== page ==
It’s tough taking one’s own advice. None of us like facing our own words… or worse yet… having them spoken back to us. It’s human nature for most of us to be quick with a word of advice … yet slow to apply it ourselves.

I was reminded of this recently by my father. He suffered a mild stroke following a surgery. During his first physical therapy session, after evaluating him for strength and movement. the therapist asked him to walk around the small indoor track with a walker. My father complied. After he completed one lap, the therapist asked him to do it again. My father responded simply, “No. I’m tired.”

Immediately I challenged this man, whom I had always known as strong and determined: “Is that all you got?” My father stared at me, eyes narrowing. “Dad! You used to ask me all the time, ‘Is that the best you can do?’ Let’s see you take your own advice.”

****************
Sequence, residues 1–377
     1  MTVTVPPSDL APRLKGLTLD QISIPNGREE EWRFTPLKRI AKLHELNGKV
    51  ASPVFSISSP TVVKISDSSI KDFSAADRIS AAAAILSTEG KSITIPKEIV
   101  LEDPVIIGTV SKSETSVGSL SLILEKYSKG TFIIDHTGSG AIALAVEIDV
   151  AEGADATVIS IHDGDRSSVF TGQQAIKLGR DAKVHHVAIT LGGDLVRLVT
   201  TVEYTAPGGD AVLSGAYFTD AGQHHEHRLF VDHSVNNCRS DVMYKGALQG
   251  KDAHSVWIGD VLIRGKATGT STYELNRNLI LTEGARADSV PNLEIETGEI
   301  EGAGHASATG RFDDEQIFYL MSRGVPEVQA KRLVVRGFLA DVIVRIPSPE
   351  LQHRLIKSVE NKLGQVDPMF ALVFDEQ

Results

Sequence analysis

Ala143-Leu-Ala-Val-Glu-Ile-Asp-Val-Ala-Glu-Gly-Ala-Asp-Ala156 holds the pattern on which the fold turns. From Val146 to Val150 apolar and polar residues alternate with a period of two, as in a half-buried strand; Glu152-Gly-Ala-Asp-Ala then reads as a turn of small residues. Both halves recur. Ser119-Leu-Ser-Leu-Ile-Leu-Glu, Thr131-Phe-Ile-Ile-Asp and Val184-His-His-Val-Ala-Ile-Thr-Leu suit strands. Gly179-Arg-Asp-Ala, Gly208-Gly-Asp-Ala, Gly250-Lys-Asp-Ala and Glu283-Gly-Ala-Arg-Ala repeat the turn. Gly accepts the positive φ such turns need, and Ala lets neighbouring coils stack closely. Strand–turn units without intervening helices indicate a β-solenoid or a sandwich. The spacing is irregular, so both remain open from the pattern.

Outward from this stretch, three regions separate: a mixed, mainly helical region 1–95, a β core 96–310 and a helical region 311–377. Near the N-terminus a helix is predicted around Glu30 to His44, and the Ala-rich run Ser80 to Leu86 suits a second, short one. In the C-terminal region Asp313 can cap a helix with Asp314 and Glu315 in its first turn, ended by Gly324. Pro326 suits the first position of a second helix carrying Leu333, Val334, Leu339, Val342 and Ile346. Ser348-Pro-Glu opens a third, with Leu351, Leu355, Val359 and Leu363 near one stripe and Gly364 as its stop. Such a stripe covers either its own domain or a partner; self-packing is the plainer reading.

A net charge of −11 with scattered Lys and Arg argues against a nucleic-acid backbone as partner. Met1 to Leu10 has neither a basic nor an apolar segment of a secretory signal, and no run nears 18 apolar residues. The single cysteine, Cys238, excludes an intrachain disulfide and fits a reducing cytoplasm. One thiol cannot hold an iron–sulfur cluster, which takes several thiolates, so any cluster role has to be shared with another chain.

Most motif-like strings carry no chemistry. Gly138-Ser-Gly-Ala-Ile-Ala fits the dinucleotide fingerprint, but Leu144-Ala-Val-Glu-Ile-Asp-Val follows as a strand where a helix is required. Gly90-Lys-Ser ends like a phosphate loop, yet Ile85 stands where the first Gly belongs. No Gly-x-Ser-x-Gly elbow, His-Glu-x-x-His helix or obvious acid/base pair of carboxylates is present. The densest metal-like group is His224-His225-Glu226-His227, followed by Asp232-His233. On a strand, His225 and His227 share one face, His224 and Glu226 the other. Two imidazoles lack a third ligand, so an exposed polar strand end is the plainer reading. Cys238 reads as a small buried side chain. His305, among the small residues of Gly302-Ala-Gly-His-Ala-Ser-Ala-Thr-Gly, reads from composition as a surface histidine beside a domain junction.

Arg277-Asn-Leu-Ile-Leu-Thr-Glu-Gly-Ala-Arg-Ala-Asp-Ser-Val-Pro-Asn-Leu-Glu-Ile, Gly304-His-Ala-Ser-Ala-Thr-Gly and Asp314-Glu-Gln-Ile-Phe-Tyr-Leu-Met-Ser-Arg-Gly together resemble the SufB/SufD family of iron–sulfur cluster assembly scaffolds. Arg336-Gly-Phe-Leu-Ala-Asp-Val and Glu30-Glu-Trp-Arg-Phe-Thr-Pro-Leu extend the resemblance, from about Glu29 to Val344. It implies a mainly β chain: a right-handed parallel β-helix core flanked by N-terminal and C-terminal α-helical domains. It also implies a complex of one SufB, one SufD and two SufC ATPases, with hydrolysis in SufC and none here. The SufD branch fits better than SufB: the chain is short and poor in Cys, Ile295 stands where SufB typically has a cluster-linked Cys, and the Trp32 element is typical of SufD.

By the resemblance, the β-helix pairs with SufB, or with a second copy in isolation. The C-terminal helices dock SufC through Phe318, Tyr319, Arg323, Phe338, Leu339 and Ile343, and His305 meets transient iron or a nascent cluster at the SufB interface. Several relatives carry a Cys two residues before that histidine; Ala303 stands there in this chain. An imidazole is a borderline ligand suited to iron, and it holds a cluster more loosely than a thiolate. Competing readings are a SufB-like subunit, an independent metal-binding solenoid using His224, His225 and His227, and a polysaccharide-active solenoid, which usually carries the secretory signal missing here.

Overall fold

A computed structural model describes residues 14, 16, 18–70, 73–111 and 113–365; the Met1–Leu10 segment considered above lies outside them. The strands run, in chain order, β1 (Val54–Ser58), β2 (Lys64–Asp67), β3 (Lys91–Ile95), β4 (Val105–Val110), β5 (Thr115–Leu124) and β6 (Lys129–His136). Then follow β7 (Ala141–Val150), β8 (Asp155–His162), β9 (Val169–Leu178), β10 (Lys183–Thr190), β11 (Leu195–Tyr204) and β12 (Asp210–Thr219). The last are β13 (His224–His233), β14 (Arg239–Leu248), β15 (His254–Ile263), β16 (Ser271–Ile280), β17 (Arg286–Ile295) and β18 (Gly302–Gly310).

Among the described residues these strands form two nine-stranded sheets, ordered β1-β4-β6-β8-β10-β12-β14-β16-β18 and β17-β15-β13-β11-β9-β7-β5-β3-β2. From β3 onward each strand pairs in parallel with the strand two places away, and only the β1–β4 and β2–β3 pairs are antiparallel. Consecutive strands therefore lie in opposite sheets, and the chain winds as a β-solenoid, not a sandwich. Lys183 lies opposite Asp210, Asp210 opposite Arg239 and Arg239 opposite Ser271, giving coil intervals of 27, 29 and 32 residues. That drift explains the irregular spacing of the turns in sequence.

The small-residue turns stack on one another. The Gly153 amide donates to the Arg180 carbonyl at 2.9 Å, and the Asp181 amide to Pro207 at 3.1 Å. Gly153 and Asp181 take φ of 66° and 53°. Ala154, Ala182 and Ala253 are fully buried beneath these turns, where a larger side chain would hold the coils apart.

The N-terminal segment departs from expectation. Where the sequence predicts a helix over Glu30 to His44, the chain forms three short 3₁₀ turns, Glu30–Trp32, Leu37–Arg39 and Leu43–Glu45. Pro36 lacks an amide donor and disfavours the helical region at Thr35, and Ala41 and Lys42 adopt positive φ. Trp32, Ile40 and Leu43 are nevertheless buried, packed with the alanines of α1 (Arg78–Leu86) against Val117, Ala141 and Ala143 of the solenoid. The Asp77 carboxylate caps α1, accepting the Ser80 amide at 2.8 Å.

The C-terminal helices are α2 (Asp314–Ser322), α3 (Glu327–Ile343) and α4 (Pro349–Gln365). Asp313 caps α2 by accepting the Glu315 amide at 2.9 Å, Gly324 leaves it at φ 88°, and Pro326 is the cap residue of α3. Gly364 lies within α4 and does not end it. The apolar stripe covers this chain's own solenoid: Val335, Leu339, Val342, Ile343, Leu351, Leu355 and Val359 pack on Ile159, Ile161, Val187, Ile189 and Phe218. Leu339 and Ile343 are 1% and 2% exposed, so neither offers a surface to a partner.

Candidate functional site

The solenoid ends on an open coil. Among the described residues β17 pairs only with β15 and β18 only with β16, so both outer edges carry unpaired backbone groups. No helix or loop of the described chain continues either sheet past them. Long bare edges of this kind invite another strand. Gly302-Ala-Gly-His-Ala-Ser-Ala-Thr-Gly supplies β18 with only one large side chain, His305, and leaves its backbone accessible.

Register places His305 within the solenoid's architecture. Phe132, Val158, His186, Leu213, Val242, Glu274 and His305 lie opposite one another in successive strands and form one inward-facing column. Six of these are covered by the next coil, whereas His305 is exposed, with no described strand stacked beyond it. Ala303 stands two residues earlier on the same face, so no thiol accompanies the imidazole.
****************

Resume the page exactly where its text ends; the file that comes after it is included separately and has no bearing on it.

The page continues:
My father cleared his throat, looked at me directly in the eye and said dryly, “As my grandfather used to say to me, ‘It is better to give castor oil than to receive it.’” I burst out laughing. He was right; it’s a drag to have your own words thrown back at you. And it is indeed easier to give advice than to take it.

My father is recovering well and regaining more strength every day. I have to trust that he and his therapist know the pace that is best for him. In the meantime, I am working hard not to give advice I am not actively trying to apply in my own life and business.

-Clifford Bailey
CEO, speaker, effectiveness expert

This entry was posted on Monday, May 21st, 2012 at 9:44 am and is filed under Emotional Intelligence, Musings. You can follow any responses to this entry through the RSS 2.0 feed. Both comments and pings are currently closed.